SEC Modernizes Accredited Investor Definition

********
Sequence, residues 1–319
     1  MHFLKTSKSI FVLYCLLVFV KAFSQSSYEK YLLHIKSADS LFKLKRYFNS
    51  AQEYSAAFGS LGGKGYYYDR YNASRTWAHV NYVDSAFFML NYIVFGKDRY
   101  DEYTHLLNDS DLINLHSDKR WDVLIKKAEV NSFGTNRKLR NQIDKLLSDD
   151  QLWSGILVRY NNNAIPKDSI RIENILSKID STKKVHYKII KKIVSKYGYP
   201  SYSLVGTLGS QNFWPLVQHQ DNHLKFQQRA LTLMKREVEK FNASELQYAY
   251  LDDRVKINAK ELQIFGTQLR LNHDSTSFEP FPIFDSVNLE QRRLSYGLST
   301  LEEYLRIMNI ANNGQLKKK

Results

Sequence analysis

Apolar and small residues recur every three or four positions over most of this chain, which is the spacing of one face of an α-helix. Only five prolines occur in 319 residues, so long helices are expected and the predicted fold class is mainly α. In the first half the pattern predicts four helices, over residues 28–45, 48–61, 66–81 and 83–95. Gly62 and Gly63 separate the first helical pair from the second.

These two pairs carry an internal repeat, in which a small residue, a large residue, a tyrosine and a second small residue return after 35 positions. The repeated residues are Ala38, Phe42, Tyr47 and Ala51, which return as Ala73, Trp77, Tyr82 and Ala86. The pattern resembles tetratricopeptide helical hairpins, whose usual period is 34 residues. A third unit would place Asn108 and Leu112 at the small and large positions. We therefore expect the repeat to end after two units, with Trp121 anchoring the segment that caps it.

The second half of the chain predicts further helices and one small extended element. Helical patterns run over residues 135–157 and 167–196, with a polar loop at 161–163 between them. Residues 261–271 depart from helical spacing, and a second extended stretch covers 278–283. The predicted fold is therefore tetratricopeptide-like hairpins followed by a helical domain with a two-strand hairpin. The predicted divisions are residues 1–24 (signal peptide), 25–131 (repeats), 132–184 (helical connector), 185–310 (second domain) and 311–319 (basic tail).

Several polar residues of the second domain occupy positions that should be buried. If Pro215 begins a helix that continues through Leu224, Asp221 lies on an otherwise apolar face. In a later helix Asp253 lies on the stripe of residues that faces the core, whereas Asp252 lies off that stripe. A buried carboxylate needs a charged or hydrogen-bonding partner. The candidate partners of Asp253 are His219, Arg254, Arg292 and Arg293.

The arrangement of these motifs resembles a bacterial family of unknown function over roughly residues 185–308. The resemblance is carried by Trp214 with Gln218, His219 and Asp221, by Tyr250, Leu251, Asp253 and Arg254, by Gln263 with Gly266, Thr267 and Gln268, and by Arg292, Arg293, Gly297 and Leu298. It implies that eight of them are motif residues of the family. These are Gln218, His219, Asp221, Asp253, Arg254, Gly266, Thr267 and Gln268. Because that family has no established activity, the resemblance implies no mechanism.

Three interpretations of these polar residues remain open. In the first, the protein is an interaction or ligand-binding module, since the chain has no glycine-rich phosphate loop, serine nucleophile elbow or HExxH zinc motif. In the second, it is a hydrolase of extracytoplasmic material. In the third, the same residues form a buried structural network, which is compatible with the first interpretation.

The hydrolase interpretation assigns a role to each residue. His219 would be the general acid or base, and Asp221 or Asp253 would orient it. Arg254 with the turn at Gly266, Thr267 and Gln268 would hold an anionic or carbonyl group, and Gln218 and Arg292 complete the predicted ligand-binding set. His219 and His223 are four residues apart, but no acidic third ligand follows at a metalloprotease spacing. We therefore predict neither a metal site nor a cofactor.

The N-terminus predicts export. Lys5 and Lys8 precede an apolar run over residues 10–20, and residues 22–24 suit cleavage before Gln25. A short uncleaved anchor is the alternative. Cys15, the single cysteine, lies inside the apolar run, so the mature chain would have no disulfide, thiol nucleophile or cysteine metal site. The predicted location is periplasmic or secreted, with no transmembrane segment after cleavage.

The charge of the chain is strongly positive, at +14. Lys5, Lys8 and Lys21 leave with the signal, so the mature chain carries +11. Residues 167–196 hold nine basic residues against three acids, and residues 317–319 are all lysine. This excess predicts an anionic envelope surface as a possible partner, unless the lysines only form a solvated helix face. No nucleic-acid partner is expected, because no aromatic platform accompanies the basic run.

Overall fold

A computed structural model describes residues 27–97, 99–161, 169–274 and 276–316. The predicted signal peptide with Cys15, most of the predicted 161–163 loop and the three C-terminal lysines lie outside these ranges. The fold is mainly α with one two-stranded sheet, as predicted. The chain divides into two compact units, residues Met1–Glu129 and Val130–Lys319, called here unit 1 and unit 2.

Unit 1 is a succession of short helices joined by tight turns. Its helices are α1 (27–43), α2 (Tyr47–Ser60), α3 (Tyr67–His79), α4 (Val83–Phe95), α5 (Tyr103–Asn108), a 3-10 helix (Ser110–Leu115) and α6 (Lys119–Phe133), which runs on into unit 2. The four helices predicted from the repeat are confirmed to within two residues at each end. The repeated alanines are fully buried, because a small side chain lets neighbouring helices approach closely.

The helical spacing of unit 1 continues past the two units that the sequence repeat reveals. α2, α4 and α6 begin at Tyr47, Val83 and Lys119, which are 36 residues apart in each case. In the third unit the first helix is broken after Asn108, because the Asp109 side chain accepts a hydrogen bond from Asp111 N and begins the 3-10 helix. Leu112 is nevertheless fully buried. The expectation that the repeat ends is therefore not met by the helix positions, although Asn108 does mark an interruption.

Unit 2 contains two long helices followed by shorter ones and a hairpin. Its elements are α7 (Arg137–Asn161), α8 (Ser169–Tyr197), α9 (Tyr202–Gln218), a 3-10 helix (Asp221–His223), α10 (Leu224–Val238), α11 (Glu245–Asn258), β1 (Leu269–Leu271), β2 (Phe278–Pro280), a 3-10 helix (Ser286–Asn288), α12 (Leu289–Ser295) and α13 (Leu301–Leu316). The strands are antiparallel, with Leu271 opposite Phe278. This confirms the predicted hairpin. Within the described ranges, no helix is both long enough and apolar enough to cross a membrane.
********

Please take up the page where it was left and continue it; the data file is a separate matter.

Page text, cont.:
The SEC adopted amendments to the “accredited investor” definition, one of the principal tests for determining who is eligible to participate in the private capital markets. Regulations have long barred individual investors who do not meet specific income or net worth tests from investing in the private markets. The SEC’s amendments allow investors to qualify as accredited investors based on defined measures of professional knowledge, experience or certifications in addition to the existing tests for income or net worth. The amendments also expand the list of entities that may qualify as accredited investors, including any entity that meets an investments test. The SEC also designated as qualified persons individuals that are holders in good standing of the Series 7, Series 65, and Series 82 licenses; knowledgeable employees who work for a private fund, and certain registered advisors. In a joint statement Commissioners Allison Herren Lee and Caroline Crenshaw wrote, however, that the SEC’s actions “fail to ensure that the accredited investor definition functions effectively to protect vulnerable investors, fail to acknowledge and analyze existing data revealing the risks these choices pose for investors, particularly seniors, and fail, once again, to address the lack of data regarding private markets more broadly.” Commissioner Elad Roisman hailed the amendments for moving away from a single, wealth-based criterion and urged the SEC to further expand the definition of accredited investor to include knowledge-based eligibility, for example, SEC staff members who review registration statements for material disclosure and investigate potentially fraudulent activity in the markets. A client alert by lawyers from Faegre Drinker details the SEC’s amendments.